Before the start of the season, if you had suggested that Jermain Defoe could be the lone forward for Tottenham, you may have invited a certain amount of ridicule. Under Harry Redknapp, the England international’s position had been usurped by Emmanuel Adebayor, the Togolese having an excellent loan spell with Spurs.
Defoe only started 11 league matches in 2011-12 and was a substitute in 14 with decidedly mixed results. When when he was a substitute he normally came on for Rafael van der Vaart or Aaron Lennon with less than 20 minutes to go. He arguably had little time to effect a game, yet when he started, Defoe was never substituted. But Defoe started intermittently, and after October never started more than two games in succession and even this only happened twice.
There seemed to be a popular conception that if Adebayor was unavailable then Defoe was the replacement, yet in his 11 starts, the formation was 4-4-1-1 on only three occasions. The remainder saw him line up in a 4-4-2 apart from one occasion alongside Adebayor. Considering his previous partnership with Peter Crouch this would appear to have been a natural match, however again in the majority of these Defoe was the highest positioned forward, meaning with either formation Defoe was effectively leading the line.
These tactics may not have brought out the best in the Englishman. Despite playing natural wingers Gareth Bale and Aaron Lennon, their average positions in many of Defoe’s games was very narrow and looked to be too close to Defoe. Not only were they unable to provide width but took his space. Similarly, if van der Vaart or Adebayor were supporting Defoe, they tended to play just behind him, at times almost in a straight line as in the away loss to Everton.
The problem with this was several fold. The pace and width of the wingers was missing, allowing the opposition defence to narrow as with no width the main ball was now through the centre, packed with defenders. The tactic meant Defoe was constantly on the shoulder of defenders looking for the ball to run onto. However, trying to thread the ball through a packed defence can often lead to interceptions or turnovers, or the defence could easily step up to catch him offside.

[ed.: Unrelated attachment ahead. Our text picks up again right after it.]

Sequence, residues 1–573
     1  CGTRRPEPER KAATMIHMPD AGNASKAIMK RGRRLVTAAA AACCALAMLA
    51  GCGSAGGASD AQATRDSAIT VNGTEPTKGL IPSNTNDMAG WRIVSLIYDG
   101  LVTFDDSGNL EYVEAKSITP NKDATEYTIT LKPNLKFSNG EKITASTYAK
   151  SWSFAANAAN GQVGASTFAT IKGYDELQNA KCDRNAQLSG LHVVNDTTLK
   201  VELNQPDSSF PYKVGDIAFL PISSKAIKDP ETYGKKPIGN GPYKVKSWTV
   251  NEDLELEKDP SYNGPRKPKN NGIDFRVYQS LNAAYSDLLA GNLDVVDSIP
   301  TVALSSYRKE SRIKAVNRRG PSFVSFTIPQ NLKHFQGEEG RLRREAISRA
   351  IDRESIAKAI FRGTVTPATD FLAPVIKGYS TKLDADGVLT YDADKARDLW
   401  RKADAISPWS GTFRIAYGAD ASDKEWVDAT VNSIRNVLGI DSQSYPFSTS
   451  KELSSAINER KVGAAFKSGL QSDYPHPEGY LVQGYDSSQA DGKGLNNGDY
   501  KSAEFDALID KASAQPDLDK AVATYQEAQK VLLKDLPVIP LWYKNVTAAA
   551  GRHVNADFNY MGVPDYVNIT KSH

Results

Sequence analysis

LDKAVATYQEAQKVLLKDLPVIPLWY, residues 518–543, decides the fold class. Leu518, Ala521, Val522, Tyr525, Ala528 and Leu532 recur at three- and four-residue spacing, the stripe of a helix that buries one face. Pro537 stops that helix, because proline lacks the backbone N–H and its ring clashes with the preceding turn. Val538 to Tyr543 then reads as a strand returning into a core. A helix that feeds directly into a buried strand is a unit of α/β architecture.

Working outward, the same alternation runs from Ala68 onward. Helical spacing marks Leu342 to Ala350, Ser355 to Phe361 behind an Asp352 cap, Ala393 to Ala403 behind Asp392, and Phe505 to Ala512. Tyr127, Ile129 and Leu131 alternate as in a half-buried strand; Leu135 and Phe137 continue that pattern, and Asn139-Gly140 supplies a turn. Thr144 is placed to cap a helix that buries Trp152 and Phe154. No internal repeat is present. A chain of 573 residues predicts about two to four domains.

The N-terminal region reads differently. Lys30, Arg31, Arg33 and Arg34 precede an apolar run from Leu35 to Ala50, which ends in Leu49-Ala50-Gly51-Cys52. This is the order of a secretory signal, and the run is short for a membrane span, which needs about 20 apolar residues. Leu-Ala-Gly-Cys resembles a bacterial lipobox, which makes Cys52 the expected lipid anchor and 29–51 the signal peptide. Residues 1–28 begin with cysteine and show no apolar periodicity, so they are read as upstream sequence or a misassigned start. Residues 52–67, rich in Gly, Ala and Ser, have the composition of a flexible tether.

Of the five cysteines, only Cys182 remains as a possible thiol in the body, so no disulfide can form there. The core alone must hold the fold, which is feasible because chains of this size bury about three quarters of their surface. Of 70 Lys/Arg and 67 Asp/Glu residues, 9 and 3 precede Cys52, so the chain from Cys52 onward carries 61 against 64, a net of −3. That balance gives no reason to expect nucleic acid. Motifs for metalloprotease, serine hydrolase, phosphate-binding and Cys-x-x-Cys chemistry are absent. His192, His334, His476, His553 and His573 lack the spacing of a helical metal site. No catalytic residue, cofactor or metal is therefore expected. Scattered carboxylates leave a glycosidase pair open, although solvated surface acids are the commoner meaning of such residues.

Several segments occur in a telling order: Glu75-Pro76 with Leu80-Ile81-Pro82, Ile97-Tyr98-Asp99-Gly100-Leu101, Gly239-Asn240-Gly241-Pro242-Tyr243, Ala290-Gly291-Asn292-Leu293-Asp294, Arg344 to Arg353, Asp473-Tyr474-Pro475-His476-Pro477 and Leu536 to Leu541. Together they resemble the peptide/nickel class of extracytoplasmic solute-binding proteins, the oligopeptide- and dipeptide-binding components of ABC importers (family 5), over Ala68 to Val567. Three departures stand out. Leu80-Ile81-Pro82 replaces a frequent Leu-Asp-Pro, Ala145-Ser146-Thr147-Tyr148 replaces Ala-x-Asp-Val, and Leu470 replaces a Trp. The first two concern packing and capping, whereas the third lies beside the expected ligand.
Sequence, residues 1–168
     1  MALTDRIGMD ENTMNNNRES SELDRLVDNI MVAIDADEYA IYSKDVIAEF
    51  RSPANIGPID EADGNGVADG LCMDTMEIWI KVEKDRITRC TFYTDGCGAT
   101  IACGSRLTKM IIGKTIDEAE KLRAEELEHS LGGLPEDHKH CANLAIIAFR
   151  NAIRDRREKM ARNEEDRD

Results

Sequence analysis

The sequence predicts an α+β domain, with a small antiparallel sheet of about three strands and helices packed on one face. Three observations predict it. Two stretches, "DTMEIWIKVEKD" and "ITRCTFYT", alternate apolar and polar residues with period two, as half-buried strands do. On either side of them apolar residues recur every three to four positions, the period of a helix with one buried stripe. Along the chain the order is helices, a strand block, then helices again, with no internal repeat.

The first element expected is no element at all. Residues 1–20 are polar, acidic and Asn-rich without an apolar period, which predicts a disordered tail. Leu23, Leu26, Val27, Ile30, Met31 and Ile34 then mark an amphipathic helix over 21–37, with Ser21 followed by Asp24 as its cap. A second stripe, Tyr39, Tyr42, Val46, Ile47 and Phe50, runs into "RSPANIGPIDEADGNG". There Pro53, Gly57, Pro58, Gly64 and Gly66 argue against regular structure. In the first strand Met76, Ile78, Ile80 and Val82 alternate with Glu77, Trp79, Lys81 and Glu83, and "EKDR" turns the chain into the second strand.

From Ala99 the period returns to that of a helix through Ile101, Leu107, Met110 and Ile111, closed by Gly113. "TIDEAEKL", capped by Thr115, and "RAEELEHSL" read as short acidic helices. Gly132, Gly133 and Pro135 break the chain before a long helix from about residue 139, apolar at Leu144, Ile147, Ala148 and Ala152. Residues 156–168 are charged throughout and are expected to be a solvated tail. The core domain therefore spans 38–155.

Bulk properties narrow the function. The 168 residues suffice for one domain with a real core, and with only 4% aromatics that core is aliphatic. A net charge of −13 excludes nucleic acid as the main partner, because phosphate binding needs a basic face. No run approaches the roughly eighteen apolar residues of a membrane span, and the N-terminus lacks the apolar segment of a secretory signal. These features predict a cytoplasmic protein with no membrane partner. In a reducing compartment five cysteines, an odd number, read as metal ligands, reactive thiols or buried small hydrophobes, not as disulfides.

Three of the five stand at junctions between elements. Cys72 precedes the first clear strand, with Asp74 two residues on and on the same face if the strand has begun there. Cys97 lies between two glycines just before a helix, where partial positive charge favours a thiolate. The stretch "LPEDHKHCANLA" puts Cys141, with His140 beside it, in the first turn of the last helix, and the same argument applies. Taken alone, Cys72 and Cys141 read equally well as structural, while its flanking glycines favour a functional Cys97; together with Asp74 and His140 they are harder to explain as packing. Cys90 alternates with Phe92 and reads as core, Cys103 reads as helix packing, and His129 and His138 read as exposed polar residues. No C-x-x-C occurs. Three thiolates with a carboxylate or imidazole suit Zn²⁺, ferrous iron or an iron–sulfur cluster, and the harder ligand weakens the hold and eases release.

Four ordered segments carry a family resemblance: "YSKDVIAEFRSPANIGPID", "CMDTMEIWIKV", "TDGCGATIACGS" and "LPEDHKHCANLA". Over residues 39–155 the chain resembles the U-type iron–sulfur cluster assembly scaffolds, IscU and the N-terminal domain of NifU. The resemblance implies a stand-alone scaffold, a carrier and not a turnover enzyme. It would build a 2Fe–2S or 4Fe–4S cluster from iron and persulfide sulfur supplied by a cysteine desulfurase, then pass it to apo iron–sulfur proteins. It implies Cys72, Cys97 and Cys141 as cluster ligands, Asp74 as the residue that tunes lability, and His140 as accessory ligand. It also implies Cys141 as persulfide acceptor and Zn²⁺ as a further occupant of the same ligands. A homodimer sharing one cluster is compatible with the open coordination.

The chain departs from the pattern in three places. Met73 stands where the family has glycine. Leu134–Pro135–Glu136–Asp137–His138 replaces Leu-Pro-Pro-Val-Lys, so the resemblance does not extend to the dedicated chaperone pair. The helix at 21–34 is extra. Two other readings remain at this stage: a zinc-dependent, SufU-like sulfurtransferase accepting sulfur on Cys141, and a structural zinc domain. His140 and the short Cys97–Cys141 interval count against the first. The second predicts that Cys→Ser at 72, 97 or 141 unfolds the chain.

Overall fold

With fewer options wide, there was also a tendency to overuse the long ball upfield – the lowest number in a match Defoe started was 50, the highest 80. Obviously, not all of these may have been to Defoe, but enough for them to have been ineffective in matching him up against central defenders. Perhaps not a natural at holding the ball up, defenders knew that stopping Defoe would stop the ball going back to teammates and stop the move.
Something appears to have changed. Defoe has started the season brightly with three goals and an assist in four matches. Certainly, Andre Villas-Boas appears to have confidence in the forward, and Defoe, like many strikers, appears a confidence player. Has Villas-Boas tailored a shape to bring the best out of the forward?
Since the Newcastle match, Defoe’s average position is slightly deeper – behind the opposition midfield but just ahead of the defence. The key however maybe the width of Lennon and how far up the pitch he plays.
For example, against Reading, the winger was the highest placed Spurs player on the pitch. Long balls were diagonally played to Lennon rather than Defoe, which kept the Reading defence pushed back, whilst the width, also supplied by Kyles Walker and Naughton, stopped them from narrowing.
Bale remained closer to Defoe but this proximity meant the Reading central defenders could not focus on Defoe alone but had to think about Bale too, especially with the runs the Welshman made, as with Defoe’s second goal. These changes created space for Defoe to run at the defence from a deeper starting position or to receive the ball from the cut back by the wide men, such as in his first goal.
Arguably this formation was designed to allow Defoe to effectively operate as a lone forward, but not the furthest forward player. Against Reading, the tactic worked extremely well. Whether it will against tougher defences remains to be seen. However, with Villas-Boas’ tactical acumen, these subtle changes may be more frequent. They would certainly seem to have rejuvenated Defoe’s career at Spurs and provided genuine options.
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